Seeds of good practice

22nd September 2000 at 01:00
Andy Farquarson finds a serious purpose behind the beauty of an organic garden.

As countryside and farmland the world over becomes ever more exhausted, the principles of good agricultural practice are increasing in importance.

The Henry Doubleday Research Association is concentrating on getting us back to our organic roots. This educational charity is pioneering work at Ryton Organic Gardens near Coventry, where it researches organic horticulture and runs environmental awareness campaigns and more than 400 reforestation and sustainability projects in developing countries.

The 10 acres are divided into sections demonstrating different aspects of the charity's work. There are formal rose gardens, vegetable patches, including many rare and unusual species, fruit collections, herb lawns, gardens for those with a disability, a wild flower meadow, living willow walks and pergolas made from recycled plastic packaging. Displays demonstrate recycling, conserving water in the garden and natural weed control.

Nigel Chapman, deputy head of Harbury primary school, Warwickshire, regularly takes his pupils to the gardens. "They learn a lot and can put that learning into practice in our school's organic garden," he says.

Ryton is blessed with an abundance of wildlife. The drone of bees, the sparkle of ragonflies hovering around ponds and the spectacle of butterflies and birds can be enjoyed as you walk in the gardens and woodland fringes.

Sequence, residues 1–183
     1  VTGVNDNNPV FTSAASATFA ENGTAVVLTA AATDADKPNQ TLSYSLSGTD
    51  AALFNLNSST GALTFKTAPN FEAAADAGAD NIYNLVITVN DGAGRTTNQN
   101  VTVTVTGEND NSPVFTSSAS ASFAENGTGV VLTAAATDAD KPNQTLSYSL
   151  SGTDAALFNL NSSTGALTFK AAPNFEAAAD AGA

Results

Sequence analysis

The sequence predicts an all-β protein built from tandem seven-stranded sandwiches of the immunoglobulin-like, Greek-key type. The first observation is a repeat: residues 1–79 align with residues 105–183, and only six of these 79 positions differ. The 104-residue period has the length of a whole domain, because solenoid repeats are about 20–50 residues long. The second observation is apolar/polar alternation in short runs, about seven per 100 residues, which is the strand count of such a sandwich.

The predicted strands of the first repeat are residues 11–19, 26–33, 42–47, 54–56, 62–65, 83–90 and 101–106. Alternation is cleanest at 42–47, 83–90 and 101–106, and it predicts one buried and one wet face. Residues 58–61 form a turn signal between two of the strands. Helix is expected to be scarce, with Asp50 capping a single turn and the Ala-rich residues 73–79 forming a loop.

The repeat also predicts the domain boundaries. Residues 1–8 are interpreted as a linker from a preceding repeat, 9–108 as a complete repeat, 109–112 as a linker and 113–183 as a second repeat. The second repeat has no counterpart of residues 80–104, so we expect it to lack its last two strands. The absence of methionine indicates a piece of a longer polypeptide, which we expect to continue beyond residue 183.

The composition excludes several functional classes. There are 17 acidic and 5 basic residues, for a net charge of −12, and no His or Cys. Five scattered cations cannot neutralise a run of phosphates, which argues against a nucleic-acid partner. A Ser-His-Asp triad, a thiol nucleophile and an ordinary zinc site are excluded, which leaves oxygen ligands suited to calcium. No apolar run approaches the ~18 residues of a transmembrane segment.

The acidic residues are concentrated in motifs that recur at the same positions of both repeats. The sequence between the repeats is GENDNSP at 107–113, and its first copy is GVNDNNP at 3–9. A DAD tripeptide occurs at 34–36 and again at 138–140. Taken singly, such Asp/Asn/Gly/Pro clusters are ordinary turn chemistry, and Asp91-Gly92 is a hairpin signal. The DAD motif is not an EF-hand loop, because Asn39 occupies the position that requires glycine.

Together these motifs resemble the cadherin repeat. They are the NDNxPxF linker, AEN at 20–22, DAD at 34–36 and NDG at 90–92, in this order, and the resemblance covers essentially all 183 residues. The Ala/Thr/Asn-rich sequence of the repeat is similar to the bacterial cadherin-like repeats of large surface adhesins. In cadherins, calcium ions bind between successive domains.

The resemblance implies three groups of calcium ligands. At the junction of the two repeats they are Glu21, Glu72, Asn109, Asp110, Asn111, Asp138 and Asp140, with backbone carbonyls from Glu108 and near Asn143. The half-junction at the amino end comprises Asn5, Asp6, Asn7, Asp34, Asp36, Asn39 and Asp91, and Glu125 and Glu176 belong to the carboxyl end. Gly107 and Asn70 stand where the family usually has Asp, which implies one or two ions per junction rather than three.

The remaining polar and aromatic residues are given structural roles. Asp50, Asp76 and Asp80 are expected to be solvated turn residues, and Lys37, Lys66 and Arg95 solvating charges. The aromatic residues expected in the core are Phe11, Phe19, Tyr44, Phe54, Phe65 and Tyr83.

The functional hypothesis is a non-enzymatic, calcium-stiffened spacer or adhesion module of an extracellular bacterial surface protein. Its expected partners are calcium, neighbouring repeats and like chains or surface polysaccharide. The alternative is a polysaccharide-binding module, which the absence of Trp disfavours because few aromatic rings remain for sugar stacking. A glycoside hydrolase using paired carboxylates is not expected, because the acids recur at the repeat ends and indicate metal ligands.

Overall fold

"Look at the colour and form of the flowers and plants," says Maggi Brown, Ryton's head of education. "It's ideal for sketching or painting. There's also the maths needed to calculate growth, measure plants and work out areas for planting densities."

You can pluck a curriculum link from just about any aspect of the garden. There is the medicinal use of herbs, the heritage of the seed library and the history of plants since Roman times and a plantation of various trees that can be used in different crafts.

Visiting schools can organise their own schedule or have a planned visit made in consultation with the guides. The research establishment is normally off limits to visitors but even this can be negotiated.

Ryton Organic Gardens, The Henry Doubleday Research Association, Ryton, Coventry CV8 3DG. Tel: 02476 303517; e-mail enquiry@hdra.org.uk; www.hdra.org.uk

Open daily 9am-5pm. Closed Christmas Eve to New Year's Day. School parties must pre-book. Admission: pound;1 a pupil, minimum 14. Teachers free. Guided or specialist visits extra.

Teacher's pack on recycling pound;10 including postage.

HDRA hosts school weeks during March and November.


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